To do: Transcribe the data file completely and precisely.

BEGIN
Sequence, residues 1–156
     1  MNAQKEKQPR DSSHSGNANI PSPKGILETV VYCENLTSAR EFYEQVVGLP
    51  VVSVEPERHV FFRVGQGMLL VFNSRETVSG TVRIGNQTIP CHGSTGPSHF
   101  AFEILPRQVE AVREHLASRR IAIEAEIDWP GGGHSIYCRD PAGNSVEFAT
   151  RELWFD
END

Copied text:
Sequence, residues 1–156
     1  MNAQKEKQPR DSSHSGNANI PSPKGILETV VYCENLTSAR EFYEQVVGLP
    51  VVSVEPERHV FFRVGQGMLL VFNSRETVSG TVRIGNQTIP CHGSTGPSHF
   101  AFEILPRQVE AVREHLASRR IAIEAEIDWP GGGHSIYCRD PAGNSVEFAT
   151  RELWFD